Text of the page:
THE SERVICES offered at the Equal Opportunity Commission (EOC) are designed to be accessible and inclusive. The Equal Opportunity Act removes potential barriers that may prevent a person from accessing justice and empowers them to exercise their right to equality.
If you feel that someone has discriminated against you, you can turn to the EOC for redress. This is one of the main reasons the commission exists. It is empowered to receive, investigate and conciliate complaints.
Cost to access service
The services of the EOC are free of charge up until the stage of conciliation. There are no legal or administrative fees attached to the its services. The EOC is a viable and accessible option for those who cannot afford to hire legal services to seek justice.
Facilities to lodge a complaint
Website: Visit the EOC’s website, www.equalopportunity.gov.tt and go to the
lodge a complaint tab. E-mail- email@example.com.
In-person: You can mail or deliver a letter to our office located at 55-57 Manic Street, Chaguanas.
Outreach: Even though outreach activities are suspended due to covod19, people can lodge a complaint when our caravan is on the road again in various communities.
The EOC investigates all complaints that are lodged at its office. We provide conciliation services but if the matter is not resolved, with the consent of the aggrieved the matter will be referred to the Equal Opportunity Tribunal. The tribunal, though it is an independent and distinct body, was also established by the act and can order and award compensation. The tribunal has an official seal that will be judicially noticed in all courts.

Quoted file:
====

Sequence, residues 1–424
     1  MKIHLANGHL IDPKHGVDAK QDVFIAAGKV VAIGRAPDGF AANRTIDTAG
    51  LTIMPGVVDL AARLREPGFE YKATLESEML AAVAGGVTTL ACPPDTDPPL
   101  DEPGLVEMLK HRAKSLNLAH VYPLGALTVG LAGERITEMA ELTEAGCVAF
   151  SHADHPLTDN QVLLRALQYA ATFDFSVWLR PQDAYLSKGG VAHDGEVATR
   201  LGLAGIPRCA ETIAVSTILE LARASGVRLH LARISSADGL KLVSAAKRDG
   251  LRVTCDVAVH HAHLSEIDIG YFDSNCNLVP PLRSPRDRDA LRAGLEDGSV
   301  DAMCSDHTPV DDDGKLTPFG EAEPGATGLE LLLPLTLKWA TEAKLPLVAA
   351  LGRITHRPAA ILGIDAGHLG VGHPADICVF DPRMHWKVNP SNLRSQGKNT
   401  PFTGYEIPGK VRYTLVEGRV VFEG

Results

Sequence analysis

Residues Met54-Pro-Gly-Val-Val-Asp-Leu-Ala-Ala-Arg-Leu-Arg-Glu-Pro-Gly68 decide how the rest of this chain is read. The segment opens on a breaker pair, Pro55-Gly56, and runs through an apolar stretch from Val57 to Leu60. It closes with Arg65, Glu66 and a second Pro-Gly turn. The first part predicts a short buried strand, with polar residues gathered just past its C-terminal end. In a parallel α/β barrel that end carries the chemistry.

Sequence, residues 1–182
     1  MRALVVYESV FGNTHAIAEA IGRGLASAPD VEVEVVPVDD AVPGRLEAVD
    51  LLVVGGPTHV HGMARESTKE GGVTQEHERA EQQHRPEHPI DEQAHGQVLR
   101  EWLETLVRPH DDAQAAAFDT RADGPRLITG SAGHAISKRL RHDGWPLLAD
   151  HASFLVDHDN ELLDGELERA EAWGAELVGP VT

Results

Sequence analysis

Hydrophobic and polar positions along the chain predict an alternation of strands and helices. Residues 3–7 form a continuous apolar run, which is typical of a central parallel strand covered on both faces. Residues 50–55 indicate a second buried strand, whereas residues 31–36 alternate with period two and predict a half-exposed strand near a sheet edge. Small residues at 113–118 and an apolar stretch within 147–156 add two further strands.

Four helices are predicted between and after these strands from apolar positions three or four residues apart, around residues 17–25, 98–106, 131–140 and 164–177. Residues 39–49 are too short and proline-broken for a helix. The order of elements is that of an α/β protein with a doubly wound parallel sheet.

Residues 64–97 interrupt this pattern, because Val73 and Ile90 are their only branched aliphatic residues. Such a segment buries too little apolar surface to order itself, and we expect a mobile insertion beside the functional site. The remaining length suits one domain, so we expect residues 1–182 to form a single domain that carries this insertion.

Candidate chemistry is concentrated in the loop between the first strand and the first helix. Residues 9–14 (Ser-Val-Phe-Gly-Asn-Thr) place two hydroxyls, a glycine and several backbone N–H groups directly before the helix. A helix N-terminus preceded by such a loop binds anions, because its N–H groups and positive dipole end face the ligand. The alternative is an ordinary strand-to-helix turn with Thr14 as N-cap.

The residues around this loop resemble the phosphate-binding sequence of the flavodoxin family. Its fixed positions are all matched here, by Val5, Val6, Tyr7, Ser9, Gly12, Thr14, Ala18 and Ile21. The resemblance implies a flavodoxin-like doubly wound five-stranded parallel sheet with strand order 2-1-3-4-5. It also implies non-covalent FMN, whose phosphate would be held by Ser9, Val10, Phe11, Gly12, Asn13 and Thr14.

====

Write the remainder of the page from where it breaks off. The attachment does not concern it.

We cover victimisation
The Equal Opportunity Act protects you against discrimination by victimisation. The act is clear that victimising someone because they lodged a complaint or provided evidence for a person who lodged a complaint is in contravention of the act.
Hefty fines for discriminators
When a person lodges a complaint, the commission makes all reasonable endeavours to resolve the complaint if it finds it may be resolved by conciliation. The commission may issue a notice requiring the complainant, the person who allegedly committed the act of discrimination and any other person who may be likely to assist in the settlement to attend conciliation.
A person who, without reasonable excuse, refuses or fails to comply with any requirement of the notice (under sections 33 and 35(2) of the Equal Opportunity Act) are liable on summary conviction. This means that the individual or organisation can find themselves before the Magistrates’ Court to account for not attending conciliation and made to pay fines. In the case of an individual, the fine is $1,000 and in the case of an organisation, the fine is $5,000. This fine will be applied for every day that the individual or organisation refuses or fails to comply with any requirement of a notice.
Complaint against individuals and companies
Some people are under the impression that only employees can lodge a complaint against their employer or that members of the public can only lodge a complaint against an organisation, but this is not the case. You can lodge a complaint against a person. This includes a person who has discriminated against you on social media. A major benefit of the Equal Opportunity Act is that it offers redress for those who have experienced discrimination outside of workplace contexts.